It is a well-known fact that your dental health and your overall health are connected. In fact, recent studies show that there is a correlation between oral health and the risk of developing Alzheimer’s disease.
- Oral Bacteria Leads to Dementia
A recent study done by NIA scientists shows that the bacteria that cause gum disease is also associated with developing dementia, including Alzheimer’s which is the most common form of dementia. There are many types of dementia, with 60% to 70% accounting for Alzheimer’s.
Gum diseases occur when plaque builds up on your teeth and turns into tartar. This causes the growth of bacteria between your teeth and gums. Addressing such cases early can help prevent significant health consequences.
When gum diseases are left untreated, you become vulnerable to more serious health issues like gum loss or tooth recession. This enables the bacteria to travel up to your brain and cause dementia.
- Alzheimer’s Patient’s Oral Health
Patients suffering from Alzheimer’s disease experience worsening oral health as their condition progresses. In the early stages of Alzheimer’s, patients can still normally do their daily tasks like brushing their teeth or visiting the dentist. As the condition worsens, it becomes difficult for them to continue their daily routine. This can cause adverse effects on their overall health and well-being.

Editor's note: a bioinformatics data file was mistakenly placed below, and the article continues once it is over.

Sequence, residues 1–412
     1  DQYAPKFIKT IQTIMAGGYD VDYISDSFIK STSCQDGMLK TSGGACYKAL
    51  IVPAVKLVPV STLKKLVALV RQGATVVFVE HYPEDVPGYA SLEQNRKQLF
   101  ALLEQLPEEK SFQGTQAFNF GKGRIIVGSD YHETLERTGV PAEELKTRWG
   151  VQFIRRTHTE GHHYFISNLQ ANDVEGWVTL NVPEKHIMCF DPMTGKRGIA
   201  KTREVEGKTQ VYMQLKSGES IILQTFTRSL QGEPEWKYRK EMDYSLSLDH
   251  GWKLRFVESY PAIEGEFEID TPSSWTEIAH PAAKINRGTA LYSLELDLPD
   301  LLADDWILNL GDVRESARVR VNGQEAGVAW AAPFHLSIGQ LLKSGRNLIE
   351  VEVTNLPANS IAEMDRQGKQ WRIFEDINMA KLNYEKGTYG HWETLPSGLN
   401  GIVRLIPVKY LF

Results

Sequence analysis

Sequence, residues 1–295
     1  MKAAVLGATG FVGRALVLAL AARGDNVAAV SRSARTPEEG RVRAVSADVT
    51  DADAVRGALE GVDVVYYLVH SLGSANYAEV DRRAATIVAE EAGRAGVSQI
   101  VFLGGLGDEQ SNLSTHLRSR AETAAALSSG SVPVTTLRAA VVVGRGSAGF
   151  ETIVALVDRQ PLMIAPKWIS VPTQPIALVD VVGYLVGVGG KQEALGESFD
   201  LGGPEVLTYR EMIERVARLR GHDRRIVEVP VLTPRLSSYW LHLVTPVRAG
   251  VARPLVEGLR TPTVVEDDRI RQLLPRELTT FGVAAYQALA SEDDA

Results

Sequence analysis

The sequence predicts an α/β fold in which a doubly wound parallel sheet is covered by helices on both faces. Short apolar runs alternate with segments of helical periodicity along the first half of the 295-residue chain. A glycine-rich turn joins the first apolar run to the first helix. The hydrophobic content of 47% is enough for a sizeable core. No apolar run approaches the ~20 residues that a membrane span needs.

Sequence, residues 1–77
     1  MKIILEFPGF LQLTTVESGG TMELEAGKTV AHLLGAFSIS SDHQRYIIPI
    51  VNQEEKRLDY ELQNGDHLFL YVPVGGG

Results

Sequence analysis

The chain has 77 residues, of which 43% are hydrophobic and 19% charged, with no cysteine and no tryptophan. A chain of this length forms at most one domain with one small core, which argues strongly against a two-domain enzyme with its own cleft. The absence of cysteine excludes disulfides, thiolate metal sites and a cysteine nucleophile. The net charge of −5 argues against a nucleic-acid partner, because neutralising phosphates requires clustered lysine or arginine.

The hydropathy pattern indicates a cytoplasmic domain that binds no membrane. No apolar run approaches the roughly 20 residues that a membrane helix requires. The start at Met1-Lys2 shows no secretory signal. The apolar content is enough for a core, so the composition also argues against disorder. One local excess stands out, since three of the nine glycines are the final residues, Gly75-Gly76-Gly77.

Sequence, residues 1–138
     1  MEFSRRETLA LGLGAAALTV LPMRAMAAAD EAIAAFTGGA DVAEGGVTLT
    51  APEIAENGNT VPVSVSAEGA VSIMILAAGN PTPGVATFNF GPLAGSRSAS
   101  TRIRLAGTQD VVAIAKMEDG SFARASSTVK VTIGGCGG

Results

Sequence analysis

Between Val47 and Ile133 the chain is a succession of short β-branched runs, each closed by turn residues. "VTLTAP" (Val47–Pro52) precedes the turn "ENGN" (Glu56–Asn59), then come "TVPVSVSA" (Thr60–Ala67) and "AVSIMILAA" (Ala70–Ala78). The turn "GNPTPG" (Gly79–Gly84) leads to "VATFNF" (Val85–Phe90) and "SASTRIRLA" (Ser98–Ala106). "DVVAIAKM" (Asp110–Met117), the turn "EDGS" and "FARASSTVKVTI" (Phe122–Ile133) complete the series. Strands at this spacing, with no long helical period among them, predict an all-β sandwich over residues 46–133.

If you or someone in your family has dementia or Alzheimer’s, here are some tips from the Alzheimer’s Association that can help you:
- Help them with brushing their teeth.
- Offer short and simple directions for them to remember.
- Demonstrate the right process of brushing.
- Try different toothbrushes to understand which works better.
- Find them the right dentist for their needs.
- Keep a record of their recent dental appointments.
- Pay attention to any pain or discomfort in the mouth.
- Properly sanitize dentures, if any.
Patients with Alzheimer’s may not be able to tell if they’re in pain. It is your responsibility to pay attention to their pains and discomforts. Take them to an emergency room as soon as possible if you find their jaw to be swollen, or if they find it difficult to breathe or swallow.
Look for signs if they’re in pain:
- Wincing when chewing
- Biting their inner cheek or lip
- Have a white film on their tongue
- Stays away from foods that are too hot or cold
Contact The Florida Center for Laser Dentistry, at (727) 862-8513 or schedule an appointment online if you or someone you love suffers from Alzheimer’s. We are located at 12124 Cobble Stone Dr, Hudson, FL 34667,